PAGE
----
The Hustler: A Moody Must See Masterpiece of Cinema

Posted by Michael Pinto on Sep 25, 2009 in Cinema |

The Hustler: Title Screen

Paul NewmanOn this day in 1961 the classic film The Hustler opened to both critical and popular success. Frankly before this film Paul Newman had an amazing body of work behind him, but this was the film that made him a star for years to come. The reason is that in this film Newman fine tunes his anti-establishment personality on the screen which would resinate with audiences in the 60s and 70s with films like Cool Hand Luke and Butch Cassidy and the Sundance Kid. This trait allowed his career to continue after the 50s while many other actors from that decade fell out of style. Sadly as of tomorrow (September 26th) Paul Newman passed away exactly a year ago — but this film is a treasure worth revisiting for every fanboy of the cinema.

The Hustler

Although there’s much more than just a great performance by Paul Newman to see in this film. For starters the first thing you’ll notice is that the film is in glorious black-and-white! To me given that and the downtrodden world of pool hustling that places this film in the film noir genre even if it’s on the edge of the criminal world. And as with all film noir The Hustler is a real painting of America — not the promised land of JFK’s New Frontier but the ugly underside of urban life.

The Hustler: George C. Scott as Bert Gordon

As with most great films the novel by Walter Tevis and the screenplay by Sidney Carroll and Robert Rossen is stunning but wonderfully understated and cynical. Here’s a little gem:

Bert Gordon: I don’t think there’s a pool player alive shoots better pool than I saw you shoot the other night at Ames. You got talent.
Fast Eddie: So I got talent. So what beat me?
Bert Gordon: Character.

Robert Rossen

Robert Rossen

Not only did Robert Rossen co-write the film but he also produced and directed the film as well. He did this film after the McCarthy witch trials in the early 50s, and when he was first called to testify he didn’t name any names and the studio bosses blacklisted him. Later he went back and named names and you can see from the tone in this film how that experience disillusioned him. In fact after this film he made one more film Lilith (1964) and then left the industry. So while this film represented a sort of redemption, you can taste the bitterness.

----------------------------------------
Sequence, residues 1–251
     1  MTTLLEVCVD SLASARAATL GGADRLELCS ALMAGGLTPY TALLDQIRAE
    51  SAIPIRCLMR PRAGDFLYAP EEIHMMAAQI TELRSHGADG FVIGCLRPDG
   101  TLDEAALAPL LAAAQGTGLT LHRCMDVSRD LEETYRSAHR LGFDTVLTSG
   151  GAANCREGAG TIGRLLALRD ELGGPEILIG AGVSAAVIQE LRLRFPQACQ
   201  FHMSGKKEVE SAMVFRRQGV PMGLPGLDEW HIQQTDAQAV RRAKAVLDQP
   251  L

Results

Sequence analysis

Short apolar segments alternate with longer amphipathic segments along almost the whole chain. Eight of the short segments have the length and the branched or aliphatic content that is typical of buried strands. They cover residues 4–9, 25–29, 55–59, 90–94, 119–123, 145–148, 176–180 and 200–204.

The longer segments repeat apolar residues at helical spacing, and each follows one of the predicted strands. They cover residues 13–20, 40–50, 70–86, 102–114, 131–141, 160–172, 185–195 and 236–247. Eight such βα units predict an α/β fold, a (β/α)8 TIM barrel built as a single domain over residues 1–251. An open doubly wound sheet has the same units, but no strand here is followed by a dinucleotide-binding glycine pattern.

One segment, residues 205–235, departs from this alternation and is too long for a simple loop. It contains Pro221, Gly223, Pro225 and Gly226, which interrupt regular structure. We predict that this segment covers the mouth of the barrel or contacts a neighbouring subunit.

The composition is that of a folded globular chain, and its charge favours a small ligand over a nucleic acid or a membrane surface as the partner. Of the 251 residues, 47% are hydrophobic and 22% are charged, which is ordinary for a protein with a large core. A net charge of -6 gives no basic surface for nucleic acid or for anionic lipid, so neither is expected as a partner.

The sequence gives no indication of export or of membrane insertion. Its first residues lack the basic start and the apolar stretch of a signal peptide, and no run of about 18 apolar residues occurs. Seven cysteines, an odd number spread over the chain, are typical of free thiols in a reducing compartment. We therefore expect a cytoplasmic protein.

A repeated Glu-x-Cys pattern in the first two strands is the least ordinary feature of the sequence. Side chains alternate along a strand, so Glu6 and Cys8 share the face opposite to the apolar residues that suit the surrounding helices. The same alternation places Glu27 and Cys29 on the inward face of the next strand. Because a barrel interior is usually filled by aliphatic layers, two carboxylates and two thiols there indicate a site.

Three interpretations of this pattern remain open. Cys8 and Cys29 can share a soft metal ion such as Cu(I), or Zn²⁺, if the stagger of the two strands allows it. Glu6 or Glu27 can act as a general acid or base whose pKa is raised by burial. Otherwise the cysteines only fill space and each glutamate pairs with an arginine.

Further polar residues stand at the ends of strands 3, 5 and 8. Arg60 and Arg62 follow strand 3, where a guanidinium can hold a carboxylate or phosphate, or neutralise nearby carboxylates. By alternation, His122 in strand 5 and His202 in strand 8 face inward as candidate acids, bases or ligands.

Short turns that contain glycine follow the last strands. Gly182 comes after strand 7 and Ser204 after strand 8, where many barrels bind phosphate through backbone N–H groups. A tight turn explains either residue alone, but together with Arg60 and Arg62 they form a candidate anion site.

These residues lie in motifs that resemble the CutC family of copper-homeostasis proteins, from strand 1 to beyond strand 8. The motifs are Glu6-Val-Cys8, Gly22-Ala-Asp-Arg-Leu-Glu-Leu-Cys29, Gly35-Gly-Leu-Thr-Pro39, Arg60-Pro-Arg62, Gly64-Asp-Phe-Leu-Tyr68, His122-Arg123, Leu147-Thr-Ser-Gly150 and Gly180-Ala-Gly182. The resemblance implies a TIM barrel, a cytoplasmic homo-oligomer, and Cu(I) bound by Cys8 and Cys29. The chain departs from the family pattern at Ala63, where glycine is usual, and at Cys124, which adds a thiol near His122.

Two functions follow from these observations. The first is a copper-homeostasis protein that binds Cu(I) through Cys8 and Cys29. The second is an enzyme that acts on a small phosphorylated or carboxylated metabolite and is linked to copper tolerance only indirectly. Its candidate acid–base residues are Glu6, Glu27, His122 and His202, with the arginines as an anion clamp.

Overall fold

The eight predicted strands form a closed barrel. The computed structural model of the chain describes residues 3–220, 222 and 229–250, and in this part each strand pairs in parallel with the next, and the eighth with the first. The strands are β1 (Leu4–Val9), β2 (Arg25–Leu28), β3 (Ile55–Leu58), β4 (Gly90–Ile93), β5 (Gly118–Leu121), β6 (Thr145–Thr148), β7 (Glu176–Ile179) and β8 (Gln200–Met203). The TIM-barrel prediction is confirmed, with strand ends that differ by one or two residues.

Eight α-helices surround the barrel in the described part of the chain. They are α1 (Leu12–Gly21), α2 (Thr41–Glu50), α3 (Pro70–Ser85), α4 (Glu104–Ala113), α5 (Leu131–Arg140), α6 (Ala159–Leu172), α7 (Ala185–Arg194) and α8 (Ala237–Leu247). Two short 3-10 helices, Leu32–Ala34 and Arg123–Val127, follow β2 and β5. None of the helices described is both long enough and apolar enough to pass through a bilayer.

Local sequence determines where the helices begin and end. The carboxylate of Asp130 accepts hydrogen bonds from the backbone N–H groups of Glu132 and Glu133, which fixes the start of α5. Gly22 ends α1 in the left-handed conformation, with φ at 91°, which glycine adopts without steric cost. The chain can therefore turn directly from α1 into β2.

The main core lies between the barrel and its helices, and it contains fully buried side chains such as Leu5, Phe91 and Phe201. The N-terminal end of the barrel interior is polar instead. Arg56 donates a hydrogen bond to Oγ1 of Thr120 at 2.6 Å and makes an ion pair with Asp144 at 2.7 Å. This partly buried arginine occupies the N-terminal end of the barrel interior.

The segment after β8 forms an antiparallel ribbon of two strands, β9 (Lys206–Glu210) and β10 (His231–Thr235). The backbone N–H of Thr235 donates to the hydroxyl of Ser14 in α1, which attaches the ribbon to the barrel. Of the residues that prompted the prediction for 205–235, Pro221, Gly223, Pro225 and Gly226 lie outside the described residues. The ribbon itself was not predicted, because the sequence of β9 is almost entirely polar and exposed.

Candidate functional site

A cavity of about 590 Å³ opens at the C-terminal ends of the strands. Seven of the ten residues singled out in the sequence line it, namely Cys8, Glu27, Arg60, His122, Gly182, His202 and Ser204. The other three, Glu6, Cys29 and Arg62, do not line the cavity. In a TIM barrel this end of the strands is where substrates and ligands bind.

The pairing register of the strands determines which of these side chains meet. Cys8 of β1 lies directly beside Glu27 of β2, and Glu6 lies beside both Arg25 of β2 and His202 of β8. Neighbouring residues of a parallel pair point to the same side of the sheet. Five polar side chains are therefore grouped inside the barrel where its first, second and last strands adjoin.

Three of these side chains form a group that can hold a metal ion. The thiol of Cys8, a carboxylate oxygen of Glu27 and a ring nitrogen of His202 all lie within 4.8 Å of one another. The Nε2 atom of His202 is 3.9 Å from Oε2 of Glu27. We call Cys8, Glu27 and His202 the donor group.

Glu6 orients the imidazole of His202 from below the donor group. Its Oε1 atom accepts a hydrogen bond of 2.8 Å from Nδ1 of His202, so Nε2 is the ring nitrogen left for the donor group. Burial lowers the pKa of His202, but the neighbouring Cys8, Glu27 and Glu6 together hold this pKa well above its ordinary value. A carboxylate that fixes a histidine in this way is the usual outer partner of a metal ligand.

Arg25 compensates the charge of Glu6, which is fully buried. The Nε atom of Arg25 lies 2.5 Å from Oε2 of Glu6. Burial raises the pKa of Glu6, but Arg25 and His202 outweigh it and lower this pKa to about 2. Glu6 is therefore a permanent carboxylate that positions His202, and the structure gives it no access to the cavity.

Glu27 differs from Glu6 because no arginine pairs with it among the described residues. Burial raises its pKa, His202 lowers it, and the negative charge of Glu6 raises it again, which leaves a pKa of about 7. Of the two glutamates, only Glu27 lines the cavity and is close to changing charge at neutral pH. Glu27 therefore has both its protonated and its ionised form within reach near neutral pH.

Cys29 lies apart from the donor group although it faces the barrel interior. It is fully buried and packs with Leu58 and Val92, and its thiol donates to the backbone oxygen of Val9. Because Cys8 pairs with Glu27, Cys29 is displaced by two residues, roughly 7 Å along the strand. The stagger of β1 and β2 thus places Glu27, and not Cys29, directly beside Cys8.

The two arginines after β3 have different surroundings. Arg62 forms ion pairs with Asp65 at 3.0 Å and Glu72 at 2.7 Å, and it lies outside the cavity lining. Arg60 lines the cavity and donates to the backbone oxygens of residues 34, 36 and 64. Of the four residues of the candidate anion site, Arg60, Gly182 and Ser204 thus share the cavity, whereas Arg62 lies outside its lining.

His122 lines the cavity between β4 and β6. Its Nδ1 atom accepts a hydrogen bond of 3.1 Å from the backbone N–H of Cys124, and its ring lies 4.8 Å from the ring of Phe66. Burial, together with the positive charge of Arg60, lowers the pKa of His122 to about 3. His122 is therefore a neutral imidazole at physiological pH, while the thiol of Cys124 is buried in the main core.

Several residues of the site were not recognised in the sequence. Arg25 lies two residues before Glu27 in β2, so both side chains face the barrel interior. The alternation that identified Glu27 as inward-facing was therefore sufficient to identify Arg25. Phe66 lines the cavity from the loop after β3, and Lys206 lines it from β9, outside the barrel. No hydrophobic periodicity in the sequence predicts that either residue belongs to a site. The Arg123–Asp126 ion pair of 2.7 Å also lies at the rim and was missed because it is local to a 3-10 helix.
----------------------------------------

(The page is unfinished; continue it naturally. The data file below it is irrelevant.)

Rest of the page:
The Hustler: Gleason and Newman

The film also features some amazing performances by Jackie Gleason and George C. Scott. As a child who grew up watching Gleason in the Honeymooners this film is a bit of a shocking revelation. Gleason who you just look at and think “comedy” is a character of a very different color — his dramatic performance is wonderful. In fact as good as his comedy was it’s hard to look at this film and not regret that Gleason didn’t do more roles like this on the big screen instead of being typecast.

The Hustler: 1961

Another thing that makes this film work so well is that it was shot on location in New York City and not on some sound stage in Hollywood. Add to this the dark brooding cinematography of Eugen Schüfftan who worked on Metropolis and you get an amazing looking bit of film. The critics noticed the craftsmanship and the film was nominated for nine Academy Awards and took home two.

Below: Trailer and the poster for The Hustler.

Poster for The Hustler


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